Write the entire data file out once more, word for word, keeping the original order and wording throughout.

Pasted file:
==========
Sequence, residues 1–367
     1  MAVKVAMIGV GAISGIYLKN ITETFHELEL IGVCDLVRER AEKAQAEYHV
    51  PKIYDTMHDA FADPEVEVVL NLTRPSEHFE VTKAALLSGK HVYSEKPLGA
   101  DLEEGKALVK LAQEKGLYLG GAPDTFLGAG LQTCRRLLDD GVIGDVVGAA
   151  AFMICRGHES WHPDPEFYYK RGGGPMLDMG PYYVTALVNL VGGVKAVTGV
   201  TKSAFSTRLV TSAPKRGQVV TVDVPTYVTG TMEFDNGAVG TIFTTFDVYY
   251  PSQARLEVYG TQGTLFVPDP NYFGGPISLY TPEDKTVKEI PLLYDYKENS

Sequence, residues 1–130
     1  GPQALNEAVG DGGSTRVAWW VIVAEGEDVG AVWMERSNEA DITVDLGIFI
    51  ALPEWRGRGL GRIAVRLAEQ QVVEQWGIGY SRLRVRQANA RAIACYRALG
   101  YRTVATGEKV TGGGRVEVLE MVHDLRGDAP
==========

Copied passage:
Sequence, residues 1–367
     1  MAVKVAMIGV GAISGIYLKN ITETFHELEL IGVCDLVRER AEKAQAEYHV
    51  PKIYDTMHDA FADPEVEVVL NLTRPSEHFE VTKAALLSGK HVYSEKPLGA
   101  DLEEGKALVK LAQEKGLYLG GAPDTFLGAG LQTCRRLLDD GVIGDVVGAA
   151  AFMICRGHES WHPDPEFYYK RGGGPMLDMG PYYVTALVNL VGGVKAVTGV
   201  TKSAFSTRLV TSAPKRGQVV TVDVPTYVTG TMEFDNGAVG TIFTTFDVYY
   251  PSQARLEVYG TQGTLFVPDP NYFGGPISLY TPEDKTVKEI PLLYDYKENS

Sequence, residues 1–130
     1  GPQALNEAVG DGGSTRVAWW VIVAEGEDVG AVWMERSNEA DITVDLGIFI
    51  ALPEWRGRGL GRIAVRLAEQ QVVEQWGIGY SRLRVRQANA RAIACYRALG
   101  YRTVATGEKV TGGGRVEVLE MVHDLRGDAP